As you say that, I think of the words of Isaiah 58:12: “You will be called Repairer of Broken Walls, Restorer of Streets with Dwellings.”
It doesn’t have to be an either/or. You can provide both “ambulance drivers” and “road engineers.” Let me give you a good example from our recent experience in New Zealand. Mobile traders (shopping trucks) abound in lower socio-economic communities throughout New Zealand, where shops are a distance away and cars are in short supply. The shopping trucks offer a range of products, including electronic goods, tableware, household items and food, sold directly to customers at their homes. The prices have been substantially higher than comparable goods at mainstream retail outlets. If they have needed it, customers have been offered credit to make their purchases—at rates as high as 800 percent per annum.
In early 2019, the Army pioneered a demonstration project as an ethical alternative to this exploitative mobile shopping industry. The idea of “The Good Shop” (as the Army vans were called) was to compete with the established mobile traders in selected areas, arranging the purchase and delivery of goods at retail prices directly from mainstream stores. Interest-free credit was provided.
The aim was to be as disruptive as possible, shut the market down, provide an alternative, build financial capacity for people, be financially sustainable for an appropriate season and then be replaced by ethical commercial initiatives, no longer requiring The Salvation Army’s intervention.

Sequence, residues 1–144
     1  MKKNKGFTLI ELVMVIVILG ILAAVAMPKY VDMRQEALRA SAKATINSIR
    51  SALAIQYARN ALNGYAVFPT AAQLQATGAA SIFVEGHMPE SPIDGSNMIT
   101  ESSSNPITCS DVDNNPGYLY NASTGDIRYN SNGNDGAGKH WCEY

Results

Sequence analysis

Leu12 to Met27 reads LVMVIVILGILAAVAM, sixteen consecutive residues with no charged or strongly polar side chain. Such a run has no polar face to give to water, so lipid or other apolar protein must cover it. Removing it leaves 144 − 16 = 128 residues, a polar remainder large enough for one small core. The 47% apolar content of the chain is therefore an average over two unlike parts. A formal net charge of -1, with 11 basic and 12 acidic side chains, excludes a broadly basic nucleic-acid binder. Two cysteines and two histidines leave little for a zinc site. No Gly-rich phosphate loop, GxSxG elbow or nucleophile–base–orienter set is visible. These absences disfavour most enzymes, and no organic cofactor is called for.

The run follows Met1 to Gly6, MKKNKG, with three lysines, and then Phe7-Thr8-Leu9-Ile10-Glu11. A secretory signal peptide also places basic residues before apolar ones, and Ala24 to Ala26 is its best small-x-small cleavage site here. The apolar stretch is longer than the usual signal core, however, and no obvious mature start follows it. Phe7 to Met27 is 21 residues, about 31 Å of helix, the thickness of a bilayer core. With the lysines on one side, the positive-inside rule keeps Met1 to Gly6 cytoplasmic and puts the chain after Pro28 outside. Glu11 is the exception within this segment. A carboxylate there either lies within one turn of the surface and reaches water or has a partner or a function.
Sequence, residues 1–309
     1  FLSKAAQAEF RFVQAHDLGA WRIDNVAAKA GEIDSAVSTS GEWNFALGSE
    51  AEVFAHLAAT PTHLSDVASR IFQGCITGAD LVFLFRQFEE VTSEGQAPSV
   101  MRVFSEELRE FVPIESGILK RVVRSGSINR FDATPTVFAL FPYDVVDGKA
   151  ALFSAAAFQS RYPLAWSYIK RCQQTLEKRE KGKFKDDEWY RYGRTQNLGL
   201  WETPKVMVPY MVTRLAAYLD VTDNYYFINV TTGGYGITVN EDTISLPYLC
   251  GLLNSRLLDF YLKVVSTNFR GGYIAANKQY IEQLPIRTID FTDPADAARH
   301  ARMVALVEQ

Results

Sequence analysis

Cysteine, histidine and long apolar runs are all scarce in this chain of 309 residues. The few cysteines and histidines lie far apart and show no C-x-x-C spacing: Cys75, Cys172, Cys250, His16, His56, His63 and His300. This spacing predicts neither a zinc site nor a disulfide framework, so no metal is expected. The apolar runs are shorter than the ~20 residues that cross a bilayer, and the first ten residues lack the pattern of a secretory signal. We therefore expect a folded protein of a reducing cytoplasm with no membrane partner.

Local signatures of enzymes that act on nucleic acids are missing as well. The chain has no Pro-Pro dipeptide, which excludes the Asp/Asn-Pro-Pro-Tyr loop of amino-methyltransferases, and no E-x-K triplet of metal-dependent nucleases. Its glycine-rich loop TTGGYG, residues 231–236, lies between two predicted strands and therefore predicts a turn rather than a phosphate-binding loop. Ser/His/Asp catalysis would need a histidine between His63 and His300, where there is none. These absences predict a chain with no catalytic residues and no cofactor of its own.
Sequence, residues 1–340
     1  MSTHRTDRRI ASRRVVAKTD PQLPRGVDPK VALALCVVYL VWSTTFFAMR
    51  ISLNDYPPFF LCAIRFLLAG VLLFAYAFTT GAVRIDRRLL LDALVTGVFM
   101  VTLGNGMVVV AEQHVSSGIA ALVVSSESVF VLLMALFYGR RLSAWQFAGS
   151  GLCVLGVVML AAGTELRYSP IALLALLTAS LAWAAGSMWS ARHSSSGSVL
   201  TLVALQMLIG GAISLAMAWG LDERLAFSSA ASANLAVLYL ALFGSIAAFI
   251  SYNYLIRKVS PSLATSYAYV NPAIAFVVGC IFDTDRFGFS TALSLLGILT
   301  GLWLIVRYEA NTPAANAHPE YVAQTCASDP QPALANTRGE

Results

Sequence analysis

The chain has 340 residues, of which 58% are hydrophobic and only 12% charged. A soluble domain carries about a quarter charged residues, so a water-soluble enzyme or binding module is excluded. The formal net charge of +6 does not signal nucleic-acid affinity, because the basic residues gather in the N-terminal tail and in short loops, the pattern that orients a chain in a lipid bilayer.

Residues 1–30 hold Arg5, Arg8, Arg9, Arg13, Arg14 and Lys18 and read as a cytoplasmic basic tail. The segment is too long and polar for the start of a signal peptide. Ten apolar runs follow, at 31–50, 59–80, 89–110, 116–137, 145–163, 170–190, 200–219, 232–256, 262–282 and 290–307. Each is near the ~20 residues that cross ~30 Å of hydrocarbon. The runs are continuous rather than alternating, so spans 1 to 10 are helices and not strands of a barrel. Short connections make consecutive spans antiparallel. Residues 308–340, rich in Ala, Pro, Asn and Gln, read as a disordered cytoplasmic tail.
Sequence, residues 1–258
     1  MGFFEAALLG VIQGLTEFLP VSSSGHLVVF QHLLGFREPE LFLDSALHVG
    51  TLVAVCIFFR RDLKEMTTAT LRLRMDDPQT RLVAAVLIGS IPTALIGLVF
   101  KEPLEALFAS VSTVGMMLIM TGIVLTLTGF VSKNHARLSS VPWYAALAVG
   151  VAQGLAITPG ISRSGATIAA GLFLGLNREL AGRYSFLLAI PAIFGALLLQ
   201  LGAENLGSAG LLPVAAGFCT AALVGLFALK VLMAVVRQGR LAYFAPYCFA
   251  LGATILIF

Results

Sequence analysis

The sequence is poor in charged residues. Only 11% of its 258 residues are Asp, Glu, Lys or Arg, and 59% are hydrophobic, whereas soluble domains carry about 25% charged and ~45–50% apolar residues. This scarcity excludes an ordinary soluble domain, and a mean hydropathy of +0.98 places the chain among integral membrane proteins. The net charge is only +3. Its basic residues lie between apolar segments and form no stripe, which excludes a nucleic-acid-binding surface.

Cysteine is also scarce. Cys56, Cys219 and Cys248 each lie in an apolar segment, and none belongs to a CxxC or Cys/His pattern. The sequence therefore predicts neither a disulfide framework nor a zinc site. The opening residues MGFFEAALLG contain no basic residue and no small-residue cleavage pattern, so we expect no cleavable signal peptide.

At the same time, The Salvation Army aimed to raise public awareness of the predatory and exploitative practices that were trapping the poor with crippling debts and advocated for the government to intervene. The result? In the year and a half of “The Good Shop” project, 511 interest-free loans were provided to impoverished customers, and the government passed laws that put caps on the non-bank interest rates that could be charged.
Both immediate relief for the poor and long-term protection from falling further into poverty—ambulances and guardrails.
Fascinating. I find it noteworthy that The Salvation Army in New Zealand has actively advocated for legislation to reduce poverty. Not that Salvationists in Canada would necessarily disagree with what was advocated for, but we don’t have a “social policy and parliamentary unit” in our territory. And when elections are called in Canada, unlike New Zealand, the Army doesn’t distribute “pressing issues” papers in our corps, encouraging people to use these papers as they consider who they will vote for and what issues they will consider when they vote. I wonder how Canadian Salvationists would react if we did. Perhaps I should ask.
It has been great chatting with you, Paul. Grace and peace in abundance be on you and your ministry.
Dr. James Read, OF, was the executive director of The Salvation Army’s Ethics Centre for many years and served as chair of the International Moral and Social Issues Council. Now retired, he attends Heritage Park Temple in Winnipeg. Paul Barber is a social policy analyst in the social policy and parliamentary unit in the New Zealand, Fiji, Tonga and Samoa Territory.
Photo: Igor Vershinsky/iStock via Getty Images Plus
This story is from: